39Models 2, 3, 4 and 5 provide the non-standardized coefficients (β) of sociodemographic characteristics introduced in the form of “dummy” variables (the absence or presence of each modality is coded 0 or 1; the latter modality, which is excluded from the model, thus serves as a reference). We can thus easily reconstruct the equation of the regression line. The ordinate at the origin is the β value of the table’s constant, while the slope is indicated by the β value for an independent variable. The effect on interventionism of each independent variable is then read according to the following equation: predicted value of interventionism = constant + β.
40In sociological literature, economic attitudes are often understood in terms of ex post rationalization. Above all, attitudes are seen to enable individuals to justify their objective interests. These justifications are more or less complex depending on the context, the actors involved and the material and symbolic resources the individuals possess. They are also more or less explicit depending on the individuals’ intentions, the degree of awareness of their interests and the means they can use to defend them. The relationship between interests and attitudes is therefore thought of as circular or “practical” (Bourdieu, 1980): interests engender attitudes, which in turn legitimize the interests that inform them.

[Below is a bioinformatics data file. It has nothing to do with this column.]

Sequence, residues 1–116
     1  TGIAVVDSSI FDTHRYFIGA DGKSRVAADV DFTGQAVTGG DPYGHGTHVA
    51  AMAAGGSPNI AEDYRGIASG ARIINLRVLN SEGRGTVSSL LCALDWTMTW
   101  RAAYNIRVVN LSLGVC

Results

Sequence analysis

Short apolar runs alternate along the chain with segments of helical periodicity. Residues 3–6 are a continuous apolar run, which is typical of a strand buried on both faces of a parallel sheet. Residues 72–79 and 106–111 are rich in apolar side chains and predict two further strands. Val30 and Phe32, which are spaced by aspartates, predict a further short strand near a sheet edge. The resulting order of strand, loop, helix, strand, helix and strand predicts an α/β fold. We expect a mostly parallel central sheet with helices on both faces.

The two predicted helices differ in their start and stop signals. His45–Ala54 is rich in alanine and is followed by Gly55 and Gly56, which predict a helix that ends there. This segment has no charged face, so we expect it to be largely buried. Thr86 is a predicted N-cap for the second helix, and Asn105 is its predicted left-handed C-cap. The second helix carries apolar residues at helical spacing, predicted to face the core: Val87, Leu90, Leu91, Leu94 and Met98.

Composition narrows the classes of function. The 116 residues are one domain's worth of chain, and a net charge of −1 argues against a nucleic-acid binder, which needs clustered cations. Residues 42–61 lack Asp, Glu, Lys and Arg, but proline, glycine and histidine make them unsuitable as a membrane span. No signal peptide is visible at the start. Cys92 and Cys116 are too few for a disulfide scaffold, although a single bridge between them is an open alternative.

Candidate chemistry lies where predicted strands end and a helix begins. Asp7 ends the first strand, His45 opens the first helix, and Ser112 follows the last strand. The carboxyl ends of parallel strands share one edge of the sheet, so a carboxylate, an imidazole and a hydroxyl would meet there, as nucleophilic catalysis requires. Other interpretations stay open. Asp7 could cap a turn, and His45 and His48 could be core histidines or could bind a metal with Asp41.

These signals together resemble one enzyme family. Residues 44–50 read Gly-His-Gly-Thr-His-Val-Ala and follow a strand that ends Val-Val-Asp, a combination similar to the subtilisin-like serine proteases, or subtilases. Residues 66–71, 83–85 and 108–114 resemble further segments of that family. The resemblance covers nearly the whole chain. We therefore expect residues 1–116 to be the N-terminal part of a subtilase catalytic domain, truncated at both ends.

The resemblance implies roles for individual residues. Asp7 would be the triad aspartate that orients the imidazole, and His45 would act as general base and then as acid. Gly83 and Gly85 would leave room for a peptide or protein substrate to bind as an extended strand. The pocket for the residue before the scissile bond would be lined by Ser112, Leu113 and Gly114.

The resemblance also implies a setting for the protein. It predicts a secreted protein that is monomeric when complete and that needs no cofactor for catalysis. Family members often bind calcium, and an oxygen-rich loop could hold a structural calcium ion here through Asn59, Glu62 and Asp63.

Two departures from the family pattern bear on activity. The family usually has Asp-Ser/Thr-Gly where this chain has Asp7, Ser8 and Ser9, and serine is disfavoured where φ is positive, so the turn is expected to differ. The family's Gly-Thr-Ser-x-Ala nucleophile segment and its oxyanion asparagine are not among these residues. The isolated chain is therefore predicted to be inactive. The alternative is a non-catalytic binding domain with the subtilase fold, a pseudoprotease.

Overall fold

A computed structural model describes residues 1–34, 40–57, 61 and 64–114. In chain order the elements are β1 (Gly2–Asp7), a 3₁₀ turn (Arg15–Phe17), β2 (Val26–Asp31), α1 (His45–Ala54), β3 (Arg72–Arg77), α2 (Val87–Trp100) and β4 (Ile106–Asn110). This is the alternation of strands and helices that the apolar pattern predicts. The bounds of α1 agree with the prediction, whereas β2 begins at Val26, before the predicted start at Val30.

41Internationally, empirical studies on the perception of the role of the state confirm that individuals tend to develop economic preferences that conform to their personal interests or their representations of these interests (Svallfors, 1997; Edlund, 1999). But they also highlight that, alongside interests, elements relating to values can enter the equation (Sears et al., 1980; Sears and Funk, 1990). How is this translated here?